• Also, when we focus on marketing we forget the impossibility of selling God. We end up marketing even more marketing, which does nothing but frustrates the customer.

    Thank you for this thoughtful reminder that we need say with John the Baptizer: “May I decrease so Christ may increase”.

    Thank you also for the thoughtful reminder that we are trying to live the Christian life — so we still need God to transform our lives.

  • Micah – along the lines of effectiveness read Yoder’s “Patience as Method.” It’s brilliant and something that is continually playing in the back of my head now.

  • Anonymous

    I ultimately agree with what you are saying and think that Michael summarized well in reminding us of the impossibility of selling God.

    Alternately, there is a temptation for religious institutions (and, in fact, all non-profits) to abandon any sense of accountability and judgment of effectiveness. Just because we cannot measure our success by how many “souls are saved” does not mean that we cannot set goals (finding new community events to participate in, honestly adhering to our decision-making practices, using good accounting practices to manage endowments, evaluating educational programs in terms of their impact).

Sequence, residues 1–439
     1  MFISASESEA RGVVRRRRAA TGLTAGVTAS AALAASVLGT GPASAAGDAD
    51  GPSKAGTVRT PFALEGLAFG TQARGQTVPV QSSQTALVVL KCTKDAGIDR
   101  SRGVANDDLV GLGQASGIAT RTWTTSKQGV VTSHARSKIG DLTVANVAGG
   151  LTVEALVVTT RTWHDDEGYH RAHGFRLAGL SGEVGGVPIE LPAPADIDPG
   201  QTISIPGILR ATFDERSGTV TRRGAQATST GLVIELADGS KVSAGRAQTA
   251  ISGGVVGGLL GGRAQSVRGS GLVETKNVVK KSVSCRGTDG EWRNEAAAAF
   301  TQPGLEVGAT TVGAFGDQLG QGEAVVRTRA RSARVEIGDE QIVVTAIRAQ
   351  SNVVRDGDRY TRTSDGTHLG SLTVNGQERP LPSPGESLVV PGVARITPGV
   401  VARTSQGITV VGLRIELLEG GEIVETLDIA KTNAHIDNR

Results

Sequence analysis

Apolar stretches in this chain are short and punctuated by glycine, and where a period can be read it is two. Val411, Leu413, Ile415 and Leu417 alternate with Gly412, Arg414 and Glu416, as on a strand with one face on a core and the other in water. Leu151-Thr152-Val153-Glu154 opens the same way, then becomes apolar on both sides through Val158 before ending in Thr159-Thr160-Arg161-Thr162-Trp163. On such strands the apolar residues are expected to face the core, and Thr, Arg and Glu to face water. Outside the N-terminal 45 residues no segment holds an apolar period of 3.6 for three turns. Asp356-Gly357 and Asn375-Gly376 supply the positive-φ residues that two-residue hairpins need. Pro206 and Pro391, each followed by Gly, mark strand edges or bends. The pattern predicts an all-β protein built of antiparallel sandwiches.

We need to recognize what belongs to God, and recognize that the problem is how we define effectiveness. Then we can give up the guilt or triumph we feel about successes or failures that had little to do with us, and enjoy the genuine feeling of accomplishment when we (with the inspiration and help of God) have completed a task well.

    Valerie Hurwitz

  • Micah,

    This post speaks my mind.

  • Micah, beautifully said.



  • Raye

    Thanks again, Micah. Perhaps there is good reason that one song I continually play and sing is Jesus Keep Me Near the Cross….

    Jesus, keep me near the cross;
    there a precious fountain,
    free to all, a healing stream,
    flows from Calvary’s mountain.

    Near the cross! O Lamb of God,
    bring its scenes before me;